Much like the first phase of the characters’ journey, childhood has its own difficulties and many growing pains, but ultimately is safe. There are many guardians keeping watch over those in that phase of the journey.
But then the time comes to plunge into that wilderness and be a shining light of truth in a world tangled in webs of deceit.
The Catholic university is the “last homely house” standing firm and bright before the corrupting world. It has everything the child needs to complete his formation before he sets out into that world to be a light to others, and remain shining himself.
He must go—God is calling him to be a witness in a world so desperately in need of evangelization.
Through his education he will become equipped to serve society by using his knowledge to excel in any field to which he applies himself, while simultaneously pointing others to God through his actions and his faith.
At Christendom College, we strive to be exactly that: a final place of beauty and formation where students are given everything they need to succeed in the world ahead of them. At Christendom each student is educated in a core curriculum of liberal arts, consisting of Theology, History, Literature, Philosophy, Foreign Languages, Mathematics, and Science.
No matter which major they choose, the students are thus formed on such a strong intellectual foundation that they excel in any major and every field to which they apply themselves.
Our one-of-a-kind and time-tested education has proven an excellent transition for home-educated students.
Many Seton Home Study students have been salutatorian and valedictorian at our commencements—this is no small feat.
Complementary to this educational background, Christendom provides an abundance of spiritual resources and makes it convenient for students to access them.
These resources range from three different daily Mass times to talks given on various spiritual topics throughout the week, from daily Rosary, Adoration, and Liturgy of the Hours, to Discernment Weekends and spiritual retreats.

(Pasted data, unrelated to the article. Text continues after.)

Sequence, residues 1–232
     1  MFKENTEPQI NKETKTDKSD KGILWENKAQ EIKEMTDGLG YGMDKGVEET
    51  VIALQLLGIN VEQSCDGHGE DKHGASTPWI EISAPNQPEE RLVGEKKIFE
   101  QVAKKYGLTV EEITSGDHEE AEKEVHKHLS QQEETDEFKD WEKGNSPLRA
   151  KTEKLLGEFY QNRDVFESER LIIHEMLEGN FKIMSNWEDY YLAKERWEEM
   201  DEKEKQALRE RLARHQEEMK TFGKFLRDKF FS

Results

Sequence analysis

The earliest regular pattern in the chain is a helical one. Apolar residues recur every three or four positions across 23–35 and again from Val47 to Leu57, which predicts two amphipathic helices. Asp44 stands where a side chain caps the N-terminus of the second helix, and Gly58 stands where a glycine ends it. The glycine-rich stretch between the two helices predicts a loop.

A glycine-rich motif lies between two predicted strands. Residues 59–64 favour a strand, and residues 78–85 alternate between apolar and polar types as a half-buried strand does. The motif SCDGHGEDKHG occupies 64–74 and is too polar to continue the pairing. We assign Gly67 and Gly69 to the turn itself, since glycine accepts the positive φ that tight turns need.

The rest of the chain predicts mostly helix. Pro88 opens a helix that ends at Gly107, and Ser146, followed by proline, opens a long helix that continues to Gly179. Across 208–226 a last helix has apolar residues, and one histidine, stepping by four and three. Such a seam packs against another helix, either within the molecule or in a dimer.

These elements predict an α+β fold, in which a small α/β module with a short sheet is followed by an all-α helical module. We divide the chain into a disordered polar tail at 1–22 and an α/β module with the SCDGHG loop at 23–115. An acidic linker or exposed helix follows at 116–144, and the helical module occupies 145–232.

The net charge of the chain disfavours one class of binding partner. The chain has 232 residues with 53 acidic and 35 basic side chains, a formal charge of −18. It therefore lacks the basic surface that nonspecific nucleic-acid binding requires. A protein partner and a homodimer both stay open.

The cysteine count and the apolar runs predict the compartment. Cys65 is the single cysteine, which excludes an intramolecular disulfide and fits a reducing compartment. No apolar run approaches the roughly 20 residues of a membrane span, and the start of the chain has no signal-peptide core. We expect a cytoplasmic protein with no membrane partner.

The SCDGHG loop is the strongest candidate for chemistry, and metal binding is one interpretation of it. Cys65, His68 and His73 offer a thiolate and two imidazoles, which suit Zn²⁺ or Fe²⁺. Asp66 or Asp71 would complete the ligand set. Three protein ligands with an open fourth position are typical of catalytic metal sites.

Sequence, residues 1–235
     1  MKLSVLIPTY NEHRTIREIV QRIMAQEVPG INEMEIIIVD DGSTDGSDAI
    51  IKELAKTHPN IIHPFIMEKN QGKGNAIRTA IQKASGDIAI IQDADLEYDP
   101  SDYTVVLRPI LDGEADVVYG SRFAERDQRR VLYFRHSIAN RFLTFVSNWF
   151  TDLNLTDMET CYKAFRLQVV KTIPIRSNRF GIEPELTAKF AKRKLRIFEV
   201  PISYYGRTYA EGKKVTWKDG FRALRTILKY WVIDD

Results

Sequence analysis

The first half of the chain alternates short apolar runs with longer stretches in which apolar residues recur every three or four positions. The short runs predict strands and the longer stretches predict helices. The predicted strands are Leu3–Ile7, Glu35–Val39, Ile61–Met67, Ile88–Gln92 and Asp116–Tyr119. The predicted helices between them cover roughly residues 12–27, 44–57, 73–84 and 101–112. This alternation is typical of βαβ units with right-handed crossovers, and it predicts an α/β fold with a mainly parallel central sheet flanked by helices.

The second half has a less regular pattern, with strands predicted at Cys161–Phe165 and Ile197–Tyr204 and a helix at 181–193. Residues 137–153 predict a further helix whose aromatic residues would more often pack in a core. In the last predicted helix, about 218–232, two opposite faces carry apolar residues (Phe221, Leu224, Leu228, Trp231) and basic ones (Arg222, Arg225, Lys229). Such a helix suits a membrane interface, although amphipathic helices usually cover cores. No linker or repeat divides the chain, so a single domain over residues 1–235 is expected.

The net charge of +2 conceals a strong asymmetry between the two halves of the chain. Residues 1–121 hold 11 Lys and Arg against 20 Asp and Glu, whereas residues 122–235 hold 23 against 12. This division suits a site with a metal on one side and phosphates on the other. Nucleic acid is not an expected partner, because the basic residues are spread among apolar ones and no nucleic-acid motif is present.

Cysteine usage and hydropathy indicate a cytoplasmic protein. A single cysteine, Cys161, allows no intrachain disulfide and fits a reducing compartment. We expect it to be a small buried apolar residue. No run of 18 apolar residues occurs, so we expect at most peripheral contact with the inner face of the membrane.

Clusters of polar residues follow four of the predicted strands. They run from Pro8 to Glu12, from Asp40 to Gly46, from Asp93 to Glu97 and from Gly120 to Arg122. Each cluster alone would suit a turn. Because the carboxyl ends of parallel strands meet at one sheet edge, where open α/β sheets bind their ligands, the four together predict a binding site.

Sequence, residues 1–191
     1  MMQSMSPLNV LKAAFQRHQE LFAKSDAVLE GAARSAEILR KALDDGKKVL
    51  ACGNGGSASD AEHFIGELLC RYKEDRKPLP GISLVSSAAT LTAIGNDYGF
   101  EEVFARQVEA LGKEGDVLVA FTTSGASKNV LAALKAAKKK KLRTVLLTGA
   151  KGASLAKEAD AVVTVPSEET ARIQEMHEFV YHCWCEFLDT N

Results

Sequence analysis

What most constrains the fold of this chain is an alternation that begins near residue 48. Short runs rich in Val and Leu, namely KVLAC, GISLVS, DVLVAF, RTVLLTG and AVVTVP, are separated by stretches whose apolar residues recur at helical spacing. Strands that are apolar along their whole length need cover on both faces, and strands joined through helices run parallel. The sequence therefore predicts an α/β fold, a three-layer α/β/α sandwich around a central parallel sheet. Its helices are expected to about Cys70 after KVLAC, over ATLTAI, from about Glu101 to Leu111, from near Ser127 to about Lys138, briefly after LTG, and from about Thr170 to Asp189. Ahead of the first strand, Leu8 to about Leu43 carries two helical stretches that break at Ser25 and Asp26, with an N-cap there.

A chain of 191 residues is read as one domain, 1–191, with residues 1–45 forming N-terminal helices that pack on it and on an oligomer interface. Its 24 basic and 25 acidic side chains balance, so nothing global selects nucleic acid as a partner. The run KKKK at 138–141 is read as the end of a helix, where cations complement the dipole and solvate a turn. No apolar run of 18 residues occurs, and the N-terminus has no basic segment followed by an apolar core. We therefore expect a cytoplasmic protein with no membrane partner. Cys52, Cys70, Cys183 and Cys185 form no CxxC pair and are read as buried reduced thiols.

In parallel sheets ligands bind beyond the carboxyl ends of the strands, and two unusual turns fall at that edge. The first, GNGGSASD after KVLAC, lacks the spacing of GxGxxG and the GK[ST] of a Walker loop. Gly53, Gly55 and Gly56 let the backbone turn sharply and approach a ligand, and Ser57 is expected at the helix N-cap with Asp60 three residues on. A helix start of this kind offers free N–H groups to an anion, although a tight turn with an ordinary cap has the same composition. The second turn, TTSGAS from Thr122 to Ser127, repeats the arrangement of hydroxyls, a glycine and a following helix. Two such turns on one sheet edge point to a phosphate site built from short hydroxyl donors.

The combination of intellectual and spiritual resources is essential to this phase of life and is a natural extension of the domestic Church that parents have worked so hard to develop.
A Priceless Education
Some may object and say college is not worth the investment, but it begs the question: if helping a child’s transition into adulthood become a beautiful affirmation of his faith and his personal worth (rather than a falling away from it) is not worth it, what is?
Pope Saint John Paul II declared that “a Catholic University offers an indispensable contribution to the Church” (Ex Corde Ecclesia 31, emphasis added).
As Catholics striving to remain faithful in a falling world, any contribution necessary for the Church is equally necessary for her children, for the children of every Catholic family who hopes to raise children that will carry on the Faith. Both Christendom College and Seton Home Study were founded by the Carroll family.
Concerned about the state of education in America, and wanting to provide an education that would form the minds and souls of students, rather than corrupt them as so many modern universities do, Anne Carroll founded Seton, while her husband, Dr. Warren Carroll, started a college.
Christendom understands the importance of sacrificing a little to gain much. Each year, we work to create a country full of more students who are strengthened in faith and knowledge, rather than lost to secularism and false teachings.
The Catholic university is here for the children of the Church, to guide them and help them find their wings. They come in children and leave adults, strengthened in knowledge and virtue.
When they leave the nest, the lessons instilled in them during childhood, which they adopted as their own through college, become the wind beneath their wings.
Then their parents and their teachers can be at peace, knowing that their children will not fall, but rather soar and become the great saints God has called them to be.
Rivendell image Copyright NewLineCinemas